This does not mean it’s in the bank for the Liberals; they have a long road ahead to win back support. You can count on Wynne to fire at Brown everyday in Question Period. Her Ministers will aim at Brown in every press conference and Liberal MPPs at local events will hammer away at Brown. BUT, there is something else, there is Wynne, who is going to overhaul work places, put in place basic incomes and increase the minimum wage. The trouble that Wynne will have is that she cannot be trusted. Hydro rates were supposed to come down. While she reduced rates by 25% this summer, the government  not only going to pass on the cost to the reductions to consumers years down the road but hydro producers  have already  applied for increases when the period of reduced rates ends. While Wynne has the impression of making things better, in the background is the question, “who is going to pay for this?” The Wynne Liberals also will need to deal with an energized opposition as the Sudbury bribery court case will be heard this fall and it could affect Wynne in an election that way the Duffy Case did for Harper while he campaigned in 2015.

The Liberals could not escape Queen’s Park fast enough in June, they won’t be moving so quickly to go back.  There is a lot of promise for each party as MPP’s head back to work in 5 weeks. The three factors to watch are: Can Andrea Horwath blaze a trail for the NDP that the Liberals won’t take from them? Will Patrick Brown be able to stop in the infighting and keep the spotlight on Wynne and the Liberals bad decisions? Will Kathleen Wynne be able to avoid not only the opposition, but also the press, as the PCs and ONDP aim to take her out of the Premier’s office?

Thank you for reading this post; to catch all my posts and be notified as new ones come up please follow me on WordPress. You can also see me on www.redheartbluelife.wordpress.com where I post about the little things in life I see and do.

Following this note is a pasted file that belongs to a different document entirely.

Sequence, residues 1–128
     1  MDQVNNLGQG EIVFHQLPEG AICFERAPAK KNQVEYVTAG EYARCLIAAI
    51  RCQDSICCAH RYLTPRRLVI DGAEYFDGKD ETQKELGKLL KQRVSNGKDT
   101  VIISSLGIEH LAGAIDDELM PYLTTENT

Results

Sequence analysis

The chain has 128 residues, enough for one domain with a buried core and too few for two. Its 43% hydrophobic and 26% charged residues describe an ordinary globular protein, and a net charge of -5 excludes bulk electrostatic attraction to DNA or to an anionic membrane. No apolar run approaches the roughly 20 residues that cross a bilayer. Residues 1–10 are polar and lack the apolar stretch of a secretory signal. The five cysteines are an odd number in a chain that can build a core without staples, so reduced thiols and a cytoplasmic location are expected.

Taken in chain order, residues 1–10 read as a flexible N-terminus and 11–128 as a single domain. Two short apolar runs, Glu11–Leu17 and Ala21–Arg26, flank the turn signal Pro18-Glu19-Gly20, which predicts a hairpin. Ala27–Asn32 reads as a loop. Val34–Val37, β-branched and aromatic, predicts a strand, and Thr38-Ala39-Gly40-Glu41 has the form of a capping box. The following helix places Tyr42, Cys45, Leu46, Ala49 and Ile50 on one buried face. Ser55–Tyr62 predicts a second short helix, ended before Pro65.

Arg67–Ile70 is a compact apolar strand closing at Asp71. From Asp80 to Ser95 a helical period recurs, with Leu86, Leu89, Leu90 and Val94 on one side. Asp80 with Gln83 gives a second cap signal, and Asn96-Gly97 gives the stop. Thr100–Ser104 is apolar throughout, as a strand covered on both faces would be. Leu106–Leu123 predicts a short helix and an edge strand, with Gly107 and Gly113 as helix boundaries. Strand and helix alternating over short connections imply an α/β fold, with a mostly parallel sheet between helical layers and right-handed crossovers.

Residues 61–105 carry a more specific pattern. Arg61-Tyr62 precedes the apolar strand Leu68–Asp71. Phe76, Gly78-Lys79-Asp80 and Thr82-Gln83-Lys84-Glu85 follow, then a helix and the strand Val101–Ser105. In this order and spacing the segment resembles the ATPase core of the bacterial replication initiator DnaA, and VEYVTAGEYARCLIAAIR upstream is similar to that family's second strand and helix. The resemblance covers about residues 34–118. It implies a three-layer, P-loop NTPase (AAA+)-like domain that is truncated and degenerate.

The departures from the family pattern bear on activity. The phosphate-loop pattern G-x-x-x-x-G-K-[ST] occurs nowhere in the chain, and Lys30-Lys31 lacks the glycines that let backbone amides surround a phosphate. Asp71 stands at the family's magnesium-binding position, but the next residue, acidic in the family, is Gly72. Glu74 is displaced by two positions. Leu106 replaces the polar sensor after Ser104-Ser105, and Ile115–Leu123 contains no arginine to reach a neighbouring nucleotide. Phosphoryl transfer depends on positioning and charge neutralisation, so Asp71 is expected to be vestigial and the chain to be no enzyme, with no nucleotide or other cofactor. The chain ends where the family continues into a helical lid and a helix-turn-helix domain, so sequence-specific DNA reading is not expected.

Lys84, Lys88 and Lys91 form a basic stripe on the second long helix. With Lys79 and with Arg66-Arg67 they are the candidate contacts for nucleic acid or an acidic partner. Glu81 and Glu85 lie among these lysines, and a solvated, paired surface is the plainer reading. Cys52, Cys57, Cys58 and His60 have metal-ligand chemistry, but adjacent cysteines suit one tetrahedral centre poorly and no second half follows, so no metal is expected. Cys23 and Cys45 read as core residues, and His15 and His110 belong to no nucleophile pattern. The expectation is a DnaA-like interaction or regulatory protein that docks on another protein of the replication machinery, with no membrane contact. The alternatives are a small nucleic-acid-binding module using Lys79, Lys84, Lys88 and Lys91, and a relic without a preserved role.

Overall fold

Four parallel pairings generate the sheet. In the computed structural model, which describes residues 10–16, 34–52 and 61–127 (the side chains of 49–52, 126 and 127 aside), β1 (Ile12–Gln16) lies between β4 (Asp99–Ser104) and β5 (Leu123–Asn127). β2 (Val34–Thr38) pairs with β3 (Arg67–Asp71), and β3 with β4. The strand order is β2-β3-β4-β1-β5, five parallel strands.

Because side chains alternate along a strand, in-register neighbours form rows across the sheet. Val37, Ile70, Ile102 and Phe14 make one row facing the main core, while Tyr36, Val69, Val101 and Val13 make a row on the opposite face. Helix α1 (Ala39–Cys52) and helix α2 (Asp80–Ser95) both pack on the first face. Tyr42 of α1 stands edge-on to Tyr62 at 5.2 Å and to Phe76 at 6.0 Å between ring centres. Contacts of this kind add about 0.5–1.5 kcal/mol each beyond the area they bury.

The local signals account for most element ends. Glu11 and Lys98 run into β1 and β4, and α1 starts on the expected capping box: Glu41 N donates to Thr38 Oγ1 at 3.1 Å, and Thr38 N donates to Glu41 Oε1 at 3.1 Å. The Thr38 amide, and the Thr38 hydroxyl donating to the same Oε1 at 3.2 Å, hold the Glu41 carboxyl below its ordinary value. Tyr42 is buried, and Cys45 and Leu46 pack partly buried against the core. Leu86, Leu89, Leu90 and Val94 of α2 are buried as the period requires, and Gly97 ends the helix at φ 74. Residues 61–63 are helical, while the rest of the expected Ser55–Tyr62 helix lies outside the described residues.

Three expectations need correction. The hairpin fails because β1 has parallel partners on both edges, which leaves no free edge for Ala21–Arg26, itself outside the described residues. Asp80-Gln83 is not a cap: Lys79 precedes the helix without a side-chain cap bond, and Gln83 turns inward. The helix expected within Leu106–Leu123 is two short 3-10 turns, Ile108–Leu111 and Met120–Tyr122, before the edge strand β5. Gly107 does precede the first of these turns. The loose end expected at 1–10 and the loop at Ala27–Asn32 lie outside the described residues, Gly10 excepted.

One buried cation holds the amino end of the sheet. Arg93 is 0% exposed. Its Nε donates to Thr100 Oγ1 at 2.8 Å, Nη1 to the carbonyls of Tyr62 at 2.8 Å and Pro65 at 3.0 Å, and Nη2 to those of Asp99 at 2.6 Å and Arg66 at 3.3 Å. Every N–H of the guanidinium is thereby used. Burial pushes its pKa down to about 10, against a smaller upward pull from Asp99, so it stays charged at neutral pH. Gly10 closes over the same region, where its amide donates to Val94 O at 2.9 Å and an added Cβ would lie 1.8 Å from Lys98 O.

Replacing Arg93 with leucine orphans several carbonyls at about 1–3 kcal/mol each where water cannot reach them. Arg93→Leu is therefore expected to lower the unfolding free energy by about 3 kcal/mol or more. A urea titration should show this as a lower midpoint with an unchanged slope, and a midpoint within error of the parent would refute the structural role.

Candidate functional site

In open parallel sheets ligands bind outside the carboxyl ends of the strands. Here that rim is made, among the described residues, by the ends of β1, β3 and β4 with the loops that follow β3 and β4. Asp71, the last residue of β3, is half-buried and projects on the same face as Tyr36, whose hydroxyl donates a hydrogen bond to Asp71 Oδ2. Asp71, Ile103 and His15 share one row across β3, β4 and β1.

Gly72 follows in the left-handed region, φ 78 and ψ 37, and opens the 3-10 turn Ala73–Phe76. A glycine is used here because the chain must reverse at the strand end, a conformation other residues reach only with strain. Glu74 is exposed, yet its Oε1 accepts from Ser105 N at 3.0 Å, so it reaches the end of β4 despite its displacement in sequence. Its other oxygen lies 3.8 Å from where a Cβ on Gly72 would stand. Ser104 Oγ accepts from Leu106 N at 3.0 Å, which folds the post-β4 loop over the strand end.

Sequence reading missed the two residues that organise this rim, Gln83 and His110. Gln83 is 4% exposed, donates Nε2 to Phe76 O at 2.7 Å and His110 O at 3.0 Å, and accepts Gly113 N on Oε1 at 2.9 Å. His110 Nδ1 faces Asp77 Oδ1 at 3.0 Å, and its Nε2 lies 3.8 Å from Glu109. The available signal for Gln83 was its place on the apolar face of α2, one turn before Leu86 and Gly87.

I can be found Twitter @robertdekker, @rdmediaottawa and on Facebook at http://tiny.cc/n5l97. I can be reached at rdmedia@bell.net.

Book Review: The Reason You Walk by Wab Kinew

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The political climate regarding Canada’s Indigenous People is hot, the federal government is trying to make an inquiry to Murdered and Missing Indigenous Women work. There are questions about the government’s integrity to their commitment to reconciliation while Trudeau and Liberals made reconciliation one of four themes for #Canada150 celebrations.

Through all this, it can be a difficult story for non-indigenous Canadians to understand and to wrap their heads around the history and the issues that continue to drive this story to the top of the national news programs. For most Canadians it is difficult to comprehend the pain of the past of residential schools, sub acceptable living conditions, child suicides and losses due to fires and other living conditions not permitted in the mainstream.

For the longest time I’ve been looking for something to read that will give me the sense I was looking for to understand the tragedy, pain of the history of our First Nations communities. There were books of political nature; non-fictional accounts and fiction that told the stories; magazine and newspapers articles were too formal. I searched through the entire bookstore shelves searching there was nothing that I felt was a good introduction for me to dive into.

I stumbled onto The Reason You Walk by Wab Kinew; the book only had two rows on the top shelf. The Reason You Walk on the back cover is described as “a father-son reconciliation.” Flipping through a few pages, The Reason You Walk, describes a son, learning from his father about the life his father’s father had and the lessons and how those lessons came from the elders. The father, a residential school survivor is ill and in the months of his life. Wab tells the story of that last year with his father.